Samsung Q1 Ultra - Ultra-Mobile PC - Samsung Q1 Ultra

By Riyad Emeran



Our Score:


It’s the 7in widescreen display that dominates the Q1 Ultra, and it really is a stunning example. Despite the fact that it’s a touch-screen, the image is bright and the colours rich and vibrant. Samsung has also addressed the disappointing native screen resolution that plagued the original Q1 – quite simply 800 x 480 wasn’t high enough for the Q1 to be taken seriously for basic duties like web browsing. The Q1 Ultra improves things considerably with a native resolution of 1,024 x 600. Considering that the vast majority of websites are 1,024 pixels wide, this resolution increase makes web browsing far more comfortable on the Ultra than its predecessor.

One thing that the new resolution doesn’t give you is enough lines for high definition video playback, but to be honest that’s probably a good thing. Unfortunately the hardware ticking along inside the Q1 Ultra just isn’t up to the job of playing back HD video, especially anything encoded in h.264. That said, if you happen to rip your video into something more manageable, the Q1 Ultra makes a decent portable media player. One thing that does hold the Ultra back in this respect is the rather poor sound quality that the internal speakers produce. That said, you’re more than likely to be using headphones with a PMP.

Another addition over the original Q1 are the two integrated cameras. Just above the screen is a webcam, so you’ll be able to make video calls via Skype or similar app. The other camera is mounted at the rear of the device and is designed for actually taking photos – there’s even a dedicated shutter button on the top right edge of the chassis. Obviously Samsung is keen to make the Q1 Ultra as feature rich as possible, but it does look pretty daft when you hold up a device this large and attempt to use it as a camera. Also, it’s only a 1.3-megapixel camera in the first place, which means that you’ll probably get better results from your mobile phone anyway.

Above the screen you’ll find four buttons, the volume up and down are fairly self explanatory, while the UDF button brings up the utility for programming the soft-buttons on the four way rocker. The last button is labelled Menu and brings up system options like screen brightness, screen rotation, mute, wireless LAN activation and battery level indicator. The Menu button offers a handy shortcut to some useful options that you’re likely to use quite regularly.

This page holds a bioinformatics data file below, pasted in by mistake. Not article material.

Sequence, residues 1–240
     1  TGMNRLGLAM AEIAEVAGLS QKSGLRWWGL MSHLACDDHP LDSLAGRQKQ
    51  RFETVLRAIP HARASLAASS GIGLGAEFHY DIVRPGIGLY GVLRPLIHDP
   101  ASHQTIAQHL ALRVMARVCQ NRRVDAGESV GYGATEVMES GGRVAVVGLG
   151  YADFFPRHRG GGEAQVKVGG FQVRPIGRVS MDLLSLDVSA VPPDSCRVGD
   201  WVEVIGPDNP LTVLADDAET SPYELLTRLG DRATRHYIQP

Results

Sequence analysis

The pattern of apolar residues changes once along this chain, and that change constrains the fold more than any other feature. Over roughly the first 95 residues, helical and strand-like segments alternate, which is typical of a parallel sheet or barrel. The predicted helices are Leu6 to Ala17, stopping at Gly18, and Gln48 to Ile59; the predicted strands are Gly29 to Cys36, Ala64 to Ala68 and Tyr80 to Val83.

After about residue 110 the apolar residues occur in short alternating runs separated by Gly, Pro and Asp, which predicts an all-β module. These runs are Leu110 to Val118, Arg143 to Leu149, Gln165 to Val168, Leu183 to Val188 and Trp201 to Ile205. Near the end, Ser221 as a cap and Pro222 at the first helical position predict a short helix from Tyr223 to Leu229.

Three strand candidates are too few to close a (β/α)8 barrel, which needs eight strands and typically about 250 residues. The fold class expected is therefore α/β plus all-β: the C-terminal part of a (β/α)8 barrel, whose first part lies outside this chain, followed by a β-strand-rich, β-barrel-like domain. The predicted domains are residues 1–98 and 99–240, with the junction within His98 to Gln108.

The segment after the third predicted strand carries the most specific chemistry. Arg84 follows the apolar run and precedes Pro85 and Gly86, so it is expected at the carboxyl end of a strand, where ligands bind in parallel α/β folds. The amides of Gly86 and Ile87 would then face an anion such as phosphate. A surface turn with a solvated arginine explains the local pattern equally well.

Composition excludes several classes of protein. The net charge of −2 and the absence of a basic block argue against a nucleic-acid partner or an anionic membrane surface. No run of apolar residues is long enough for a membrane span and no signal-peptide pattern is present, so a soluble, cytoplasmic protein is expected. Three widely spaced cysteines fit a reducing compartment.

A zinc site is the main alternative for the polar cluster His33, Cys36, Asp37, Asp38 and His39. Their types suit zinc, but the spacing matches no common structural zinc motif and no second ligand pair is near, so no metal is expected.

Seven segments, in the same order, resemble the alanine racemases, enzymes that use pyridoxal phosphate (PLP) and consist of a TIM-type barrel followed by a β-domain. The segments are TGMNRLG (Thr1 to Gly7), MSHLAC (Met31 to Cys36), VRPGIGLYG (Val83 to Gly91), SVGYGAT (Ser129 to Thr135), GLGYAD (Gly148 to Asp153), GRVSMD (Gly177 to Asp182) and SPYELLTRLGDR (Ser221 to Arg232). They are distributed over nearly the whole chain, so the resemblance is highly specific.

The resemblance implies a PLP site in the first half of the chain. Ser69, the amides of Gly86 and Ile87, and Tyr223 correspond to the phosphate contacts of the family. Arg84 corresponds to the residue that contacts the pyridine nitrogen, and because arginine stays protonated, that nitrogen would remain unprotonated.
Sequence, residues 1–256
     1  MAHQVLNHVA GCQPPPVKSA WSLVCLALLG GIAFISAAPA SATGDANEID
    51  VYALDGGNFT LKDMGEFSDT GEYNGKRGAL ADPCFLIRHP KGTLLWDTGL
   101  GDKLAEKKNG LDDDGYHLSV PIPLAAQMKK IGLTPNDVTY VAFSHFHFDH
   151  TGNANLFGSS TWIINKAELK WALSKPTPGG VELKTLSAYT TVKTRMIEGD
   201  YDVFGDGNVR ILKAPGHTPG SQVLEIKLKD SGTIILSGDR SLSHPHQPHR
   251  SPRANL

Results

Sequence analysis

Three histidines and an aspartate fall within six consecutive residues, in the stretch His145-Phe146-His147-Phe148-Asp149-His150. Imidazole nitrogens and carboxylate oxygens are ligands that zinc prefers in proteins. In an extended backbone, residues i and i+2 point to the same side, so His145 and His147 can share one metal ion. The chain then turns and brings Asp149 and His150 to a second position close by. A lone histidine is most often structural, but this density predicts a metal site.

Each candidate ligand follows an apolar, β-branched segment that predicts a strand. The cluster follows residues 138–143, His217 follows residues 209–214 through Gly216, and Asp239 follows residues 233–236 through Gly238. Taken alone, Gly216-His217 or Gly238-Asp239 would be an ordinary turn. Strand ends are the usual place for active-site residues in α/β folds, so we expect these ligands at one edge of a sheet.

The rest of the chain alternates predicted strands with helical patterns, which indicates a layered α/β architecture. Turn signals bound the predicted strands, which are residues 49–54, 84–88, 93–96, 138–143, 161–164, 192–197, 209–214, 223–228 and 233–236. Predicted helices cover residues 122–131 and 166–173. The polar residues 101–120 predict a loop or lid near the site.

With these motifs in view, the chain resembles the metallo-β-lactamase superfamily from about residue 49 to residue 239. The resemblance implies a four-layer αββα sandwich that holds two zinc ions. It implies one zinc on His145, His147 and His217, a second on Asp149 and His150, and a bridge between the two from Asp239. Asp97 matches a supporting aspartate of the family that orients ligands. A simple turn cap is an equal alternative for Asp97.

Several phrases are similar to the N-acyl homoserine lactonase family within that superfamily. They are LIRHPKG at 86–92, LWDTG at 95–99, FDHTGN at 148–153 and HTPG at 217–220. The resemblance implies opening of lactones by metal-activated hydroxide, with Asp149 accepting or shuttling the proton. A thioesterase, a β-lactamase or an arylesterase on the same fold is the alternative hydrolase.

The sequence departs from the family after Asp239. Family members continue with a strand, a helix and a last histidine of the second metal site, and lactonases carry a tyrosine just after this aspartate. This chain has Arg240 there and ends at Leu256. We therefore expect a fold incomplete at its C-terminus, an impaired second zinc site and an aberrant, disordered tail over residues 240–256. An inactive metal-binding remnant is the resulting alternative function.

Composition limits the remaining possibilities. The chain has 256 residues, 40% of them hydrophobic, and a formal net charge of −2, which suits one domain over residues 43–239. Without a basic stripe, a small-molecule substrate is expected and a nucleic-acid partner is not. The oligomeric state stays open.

Also above the screen are six indicator lights for hard disk activity, wireless activation, battery charging and power. The last two lights indicate whether the joystick is in mouse mode or cursor key mode.


June 12, 2008, 12:13 am

This is an excellent review (although one pic does not show the rear cam as one could assume, but the hole for the lanyard...;-))

Why did i get the Q1U? Because I wanted a good compromise between screen quality and portability in a windows device. What for? believe it or not: to be able to run a 3D CAD program (namely DesignCAD). Not realy in order to do the main drawings there, but in order to have them available, be able to look at them when on the go and eventually even create a small item in order to evaluate it. I really was not sure if this would work when i got it...but at $750 for the qiuv i took the risk. I did an upgrade to 2GB and i must say: I AM AMAZED. not only does the design program work perfectly fine (of course not as smooth as on my desktop, but it really does work, including rendering shaded objects and moving them around). Now, with this design program (and many other programs too) it is helpful to have keys available in order to enter commands. the keys around the screen are doing a great job here. And the fact that you have a tablet pc in a slate shape and still access to hardware keys is really extremely convenient and you find yourself sitting in a coffee shop surfing the web with a little something in your hand. This device really has been designed with the end user in mind. It definitely changes the way one uses a pc when on the go. I do agree that for longer texts i would use an external keyboard, but being used to the thumb keyboards from my pocket pcs i learned typing blindly on the keyboard rather fast and i use it for chatting and emailing on a daily basis. the qiuv has become my daily companion and i simply love it.

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